Induced evaporation of metal from an aluminum surface by a normal pulse neodymium laser
Johnson, Christopher Brinton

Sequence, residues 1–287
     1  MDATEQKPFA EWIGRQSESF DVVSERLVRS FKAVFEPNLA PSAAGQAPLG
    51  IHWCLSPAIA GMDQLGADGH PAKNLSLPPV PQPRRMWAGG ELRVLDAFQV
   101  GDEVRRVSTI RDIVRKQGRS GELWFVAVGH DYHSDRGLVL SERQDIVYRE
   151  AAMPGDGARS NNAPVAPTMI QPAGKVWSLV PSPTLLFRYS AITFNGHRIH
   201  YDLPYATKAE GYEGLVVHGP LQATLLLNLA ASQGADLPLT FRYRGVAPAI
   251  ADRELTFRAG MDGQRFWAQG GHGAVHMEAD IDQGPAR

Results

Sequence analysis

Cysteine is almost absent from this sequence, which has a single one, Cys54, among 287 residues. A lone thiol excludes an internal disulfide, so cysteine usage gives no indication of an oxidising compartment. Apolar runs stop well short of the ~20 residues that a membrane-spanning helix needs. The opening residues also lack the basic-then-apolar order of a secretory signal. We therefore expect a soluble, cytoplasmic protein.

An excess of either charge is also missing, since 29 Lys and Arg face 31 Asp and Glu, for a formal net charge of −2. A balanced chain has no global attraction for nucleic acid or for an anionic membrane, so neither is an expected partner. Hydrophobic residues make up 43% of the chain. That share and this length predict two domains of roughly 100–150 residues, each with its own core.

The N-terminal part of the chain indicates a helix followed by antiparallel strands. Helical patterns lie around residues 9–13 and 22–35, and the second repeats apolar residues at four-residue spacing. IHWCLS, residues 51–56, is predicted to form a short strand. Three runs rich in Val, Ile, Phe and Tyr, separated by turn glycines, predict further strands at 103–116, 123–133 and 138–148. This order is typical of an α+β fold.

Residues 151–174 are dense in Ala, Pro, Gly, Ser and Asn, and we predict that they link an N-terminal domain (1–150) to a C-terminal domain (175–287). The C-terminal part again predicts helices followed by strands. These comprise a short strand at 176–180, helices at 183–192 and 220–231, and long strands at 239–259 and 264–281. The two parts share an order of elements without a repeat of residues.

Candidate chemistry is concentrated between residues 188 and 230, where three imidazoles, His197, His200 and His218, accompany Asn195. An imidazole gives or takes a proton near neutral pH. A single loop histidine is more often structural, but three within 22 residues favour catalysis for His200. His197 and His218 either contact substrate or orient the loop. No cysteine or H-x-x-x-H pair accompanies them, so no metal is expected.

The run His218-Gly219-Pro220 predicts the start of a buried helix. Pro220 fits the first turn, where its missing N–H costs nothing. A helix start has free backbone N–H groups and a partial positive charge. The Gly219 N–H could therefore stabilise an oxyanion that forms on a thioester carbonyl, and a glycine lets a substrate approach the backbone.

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Laser induced evaporation of material from the surface of an aluminum target in a vacuum was studied. Based on a literature examination, material removal using a normal pulse laser was judged to be more efficient than for a Q-switched laser. The experiment was conducted using a neodymium glass laser modified for normal pulse operation. The energy density was varied from 8.5x10(2) J/cm(2) where no breakdown occurred to 5x10(3) J/cm(2) where the threshold for breakdown was exceeded. The normal pulse duration was 600 µs. Analysis of the ejected material was achieved by using a Hughes Ionization Gauge placed in the path of the ejected material. Oscilloscope traces of the ionization gauge output show that the gauge "sees" what is flying past it. There is good correlation between laser radiation, plasma radiation and ionization gauge fluctuations. The ionization gauge gave distinguishable signals for ions, electrons, and neutral particles ejected from the target surface. Signal sequence was dependent on the particle velocity. By measuring the elapsed time after ejection from the surface and the target to collector distance, the first arriving neutral particle velocity was determined to be 5.2x10(4) cm/s.
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